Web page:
The "Recommended" section is now much expanded and divided into several different parts. Apart from the reworked frontpage, this is where you really grasp how much effort WiMP is putting into helping you discover more music. We've selected the brand new "Critic's Picks" part, built entirely around Popyoular functionality. With recent highlights, all-time favorites and shortcuts to source-specific toplists this is a great way to use Popyoular's capabilities.
The source-specific toplists help you discover what your favorite sources are recommending. A cool new WiMP-feature even lets you keep these for easy access: Use the bookmarking function just to the left of the search box, and a shortcut to this toplist is placed in the permanent left menu in the client.
Album pages have been completely reworked, too, and apart from all the other improvements the review information from Popyoular has been updated and improved, with much better visibility for quotes.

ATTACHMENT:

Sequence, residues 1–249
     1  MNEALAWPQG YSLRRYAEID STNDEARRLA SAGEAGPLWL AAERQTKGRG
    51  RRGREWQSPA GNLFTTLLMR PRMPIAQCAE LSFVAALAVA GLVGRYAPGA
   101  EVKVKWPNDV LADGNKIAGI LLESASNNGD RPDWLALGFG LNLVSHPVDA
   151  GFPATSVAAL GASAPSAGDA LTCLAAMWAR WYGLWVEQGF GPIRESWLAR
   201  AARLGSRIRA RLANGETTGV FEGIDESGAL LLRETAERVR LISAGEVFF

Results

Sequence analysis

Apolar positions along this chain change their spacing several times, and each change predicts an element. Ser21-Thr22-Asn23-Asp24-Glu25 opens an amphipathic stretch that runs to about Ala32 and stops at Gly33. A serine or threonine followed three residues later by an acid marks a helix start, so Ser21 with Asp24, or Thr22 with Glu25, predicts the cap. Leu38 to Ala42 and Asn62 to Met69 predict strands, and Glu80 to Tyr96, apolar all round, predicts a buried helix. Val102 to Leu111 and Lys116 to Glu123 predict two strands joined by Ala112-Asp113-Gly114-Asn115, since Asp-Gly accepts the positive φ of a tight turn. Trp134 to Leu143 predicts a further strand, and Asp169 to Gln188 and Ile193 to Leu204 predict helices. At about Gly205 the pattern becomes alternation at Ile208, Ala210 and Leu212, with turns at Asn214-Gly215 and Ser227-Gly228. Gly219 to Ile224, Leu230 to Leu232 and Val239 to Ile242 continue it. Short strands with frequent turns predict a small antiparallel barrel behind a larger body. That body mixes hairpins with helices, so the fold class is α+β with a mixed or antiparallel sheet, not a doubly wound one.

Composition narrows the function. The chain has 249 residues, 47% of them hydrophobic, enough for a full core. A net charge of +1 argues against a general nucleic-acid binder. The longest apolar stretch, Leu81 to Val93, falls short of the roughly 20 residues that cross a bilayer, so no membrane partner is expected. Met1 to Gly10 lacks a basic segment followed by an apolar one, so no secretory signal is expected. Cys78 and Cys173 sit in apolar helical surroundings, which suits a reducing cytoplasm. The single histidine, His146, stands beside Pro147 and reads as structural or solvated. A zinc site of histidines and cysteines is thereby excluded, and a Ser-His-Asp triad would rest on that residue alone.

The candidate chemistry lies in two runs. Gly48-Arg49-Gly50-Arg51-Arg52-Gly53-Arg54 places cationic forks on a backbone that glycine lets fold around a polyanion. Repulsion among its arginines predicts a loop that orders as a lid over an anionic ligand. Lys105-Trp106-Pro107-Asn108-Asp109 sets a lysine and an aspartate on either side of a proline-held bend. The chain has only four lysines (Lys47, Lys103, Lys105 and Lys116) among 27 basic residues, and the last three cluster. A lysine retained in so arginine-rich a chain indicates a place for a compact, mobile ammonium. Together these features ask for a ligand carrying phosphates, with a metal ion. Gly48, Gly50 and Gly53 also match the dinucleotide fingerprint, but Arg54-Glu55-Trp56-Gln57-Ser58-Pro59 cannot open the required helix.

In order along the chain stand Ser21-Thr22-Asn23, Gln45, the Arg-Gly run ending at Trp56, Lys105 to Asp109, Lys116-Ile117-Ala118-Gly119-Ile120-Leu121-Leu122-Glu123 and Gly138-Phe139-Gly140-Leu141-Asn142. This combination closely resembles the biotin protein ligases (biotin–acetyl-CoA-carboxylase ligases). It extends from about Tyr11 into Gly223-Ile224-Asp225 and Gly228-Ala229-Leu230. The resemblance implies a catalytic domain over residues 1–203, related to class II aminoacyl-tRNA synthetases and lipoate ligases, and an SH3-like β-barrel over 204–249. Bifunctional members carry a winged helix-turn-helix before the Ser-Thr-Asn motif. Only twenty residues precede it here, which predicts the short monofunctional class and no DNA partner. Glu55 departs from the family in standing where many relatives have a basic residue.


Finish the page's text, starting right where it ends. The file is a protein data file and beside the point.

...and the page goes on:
Of course, there's a huge number of other new features and improvements for all the WiMP users out there, but we'll leave it to the WiMP team to tell you more about that.
Congratulations to the WiMP team on an extremely impressive new client!
With the Playlistic app, users are presented with three main types of curated musical content: Playlists for any and all occasions, Classic Albums collected and curated by the Playalistic team, and Reviews, with fresh and interesting albums tied to reviews from trusted sources, as collected by the Popyoular platform.
Our favorite feature is probably the one-click playlists based on recently reviewed or classic albums. Then again, we're biased...
We think the app rocks. As EMI succinctly say: Playalistic is all about great music recommendations!
Try it out in the Spotify App Finder today! (Available for Sweden only, thus far).
Yesterday, our WiMP friends released a massive update to their iOS-client. It's chock full of good news for WiMP users anywhere, ranging from minor improvements to brand new stuff like a PDF booklet viewer.
From our perspective, the big news is the deep integration of Popyoular functionality. With PopScore displayed at the album level, a separate view for individual review data and quotes plus an in-app browser for viewing the full reviews at the source sites, this is big news for us.